Here’s an all too common scenario, tell me if I’m right.
Four golf buddies, their handicaps are all about 20, (I’ll call them Bill, Bob, Steve, & Sam) tee off @ 8:00 on a Wednesday morning. In the first fairway, they are about 150 yards out from the green and Bill says, “hey, let me check my new GPS”. All golf has now ceased and everybody is standing around Bill’s cart looking at the GPS.
Sam says “well, it shows I have 147 yards to the pin, so I should probably hit my 7 iron”. Just then a big gust of wind comes up and Sam is now confused. He decides on a 6 iron. He steps up, hits the shot and fly’s his ball over the green out of bounds.
Now Bill, Bob, & Steve all pull out 7 irons. They each hit their shots short of the green. The scores on the hole end up 5, 6, 6, 7.
While all this is happening, the 8:10 group on the first tee is looking at an 8:16 tee off time.
The group that is ahead of our golf buddies, is putting out on #2, almost a hole ahead of them after just two holes.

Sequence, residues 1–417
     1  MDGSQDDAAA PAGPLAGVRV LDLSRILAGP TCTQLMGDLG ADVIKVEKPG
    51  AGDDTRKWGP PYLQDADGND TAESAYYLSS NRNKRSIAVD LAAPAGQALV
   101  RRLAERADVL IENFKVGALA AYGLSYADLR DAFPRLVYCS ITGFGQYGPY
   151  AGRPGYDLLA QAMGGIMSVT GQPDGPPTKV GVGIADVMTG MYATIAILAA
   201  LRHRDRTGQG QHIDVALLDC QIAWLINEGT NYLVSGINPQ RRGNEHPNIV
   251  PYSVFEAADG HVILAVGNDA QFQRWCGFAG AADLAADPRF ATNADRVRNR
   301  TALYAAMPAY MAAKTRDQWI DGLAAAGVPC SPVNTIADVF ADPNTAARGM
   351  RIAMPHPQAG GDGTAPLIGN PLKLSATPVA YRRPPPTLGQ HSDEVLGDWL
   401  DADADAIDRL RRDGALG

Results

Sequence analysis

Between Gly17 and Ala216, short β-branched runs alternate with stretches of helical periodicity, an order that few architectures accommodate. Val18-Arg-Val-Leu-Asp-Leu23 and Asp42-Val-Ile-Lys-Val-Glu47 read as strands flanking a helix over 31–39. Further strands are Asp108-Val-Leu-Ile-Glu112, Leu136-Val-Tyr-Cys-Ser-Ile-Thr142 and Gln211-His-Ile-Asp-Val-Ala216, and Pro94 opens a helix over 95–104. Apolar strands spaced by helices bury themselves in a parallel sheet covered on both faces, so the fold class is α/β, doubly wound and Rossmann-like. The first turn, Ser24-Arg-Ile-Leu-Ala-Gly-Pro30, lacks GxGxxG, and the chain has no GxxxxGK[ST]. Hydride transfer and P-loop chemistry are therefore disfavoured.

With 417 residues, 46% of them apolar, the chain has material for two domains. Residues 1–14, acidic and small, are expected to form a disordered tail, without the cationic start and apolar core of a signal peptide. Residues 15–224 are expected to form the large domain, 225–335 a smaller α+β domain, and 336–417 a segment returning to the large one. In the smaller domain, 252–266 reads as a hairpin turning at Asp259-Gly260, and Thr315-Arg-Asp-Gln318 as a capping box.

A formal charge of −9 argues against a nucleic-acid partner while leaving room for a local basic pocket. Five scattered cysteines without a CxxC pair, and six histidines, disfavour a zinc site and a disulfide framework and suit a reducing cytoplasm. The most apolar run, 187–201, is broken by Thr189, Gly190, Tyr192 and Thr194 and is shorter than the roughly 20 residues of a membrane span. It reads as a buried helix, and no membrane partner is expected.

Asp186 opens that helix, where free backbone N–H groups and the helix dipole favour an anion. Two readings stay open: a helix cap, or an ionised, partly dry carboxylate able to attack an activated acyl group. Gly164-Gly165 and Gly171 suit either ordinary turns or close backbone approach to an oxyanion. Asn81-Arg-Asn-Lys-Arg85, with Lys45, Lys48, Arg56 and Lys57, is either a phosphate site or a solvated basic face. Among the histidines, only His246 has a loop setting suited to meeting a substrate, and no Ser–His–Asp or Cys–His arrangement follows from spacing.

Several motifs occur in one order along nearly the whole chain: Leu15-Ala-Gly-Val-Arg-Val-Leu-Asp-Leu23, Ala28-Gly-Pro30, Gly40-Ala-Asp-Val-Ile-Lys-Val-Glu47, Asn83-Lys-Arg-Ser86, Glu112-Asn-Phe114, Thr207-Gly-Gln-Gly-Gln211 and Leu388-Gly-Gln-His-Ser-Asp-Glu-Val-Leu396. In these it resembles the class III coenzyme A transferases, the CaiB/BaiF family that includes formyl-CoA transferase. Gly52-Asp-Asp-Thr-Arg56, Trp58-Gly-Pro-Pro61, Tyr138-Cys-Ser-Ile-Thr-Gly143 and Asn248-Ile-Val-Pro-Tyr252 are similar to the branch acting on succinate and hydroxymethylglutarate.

This madness continues through hole 5 and finally the marshal drives up and says “you guys are out of position, you are 2 ½ holes behind, you need to pick it up”. The buddies put it into high gear and all hit bad shots.
By the end of their 5 hour round, the buddies are the most hated golfers on the planet. They have held up the entire golf course and the Pro is answering to everybody why tee times are now 30 minutes behind.
So, how close am I to the truth about this scenario? You know I just stiffed it.
If your handicap isn’t 10 or less, why do you need a GPS? Do you know how far your 7 iron goes? I doubt it, what you need to do is go to the range and practice. You need to find out how far you actually hit your clubs. If you think back about 10 years, most every golf course posted a sign that said “your round of golf should take 4 hours”, today that same round of golf is supposed to take 4 ½ hours.
Technology is better, balls fly farther, clubs are hotter, so why does it take longer to play?
Technology that every golf magazine and golf channel commercial preaches to you to get a GPS to play like the Pro’s. That’s a bunch of crap. (Spend that $300 on an annual range pass, not a GPS) What will make you play better golf is to practice, practice, and practice. That hasn’t changed in hundreds of years. Do you think Angus McDoogle used a GPS? No, he practiced, played, and had fun. 5 hour rounds of golf are NOT fun. Put the fun back into your game; practice, get better, beat your buddies, and head to the 19th hole in 4 hours.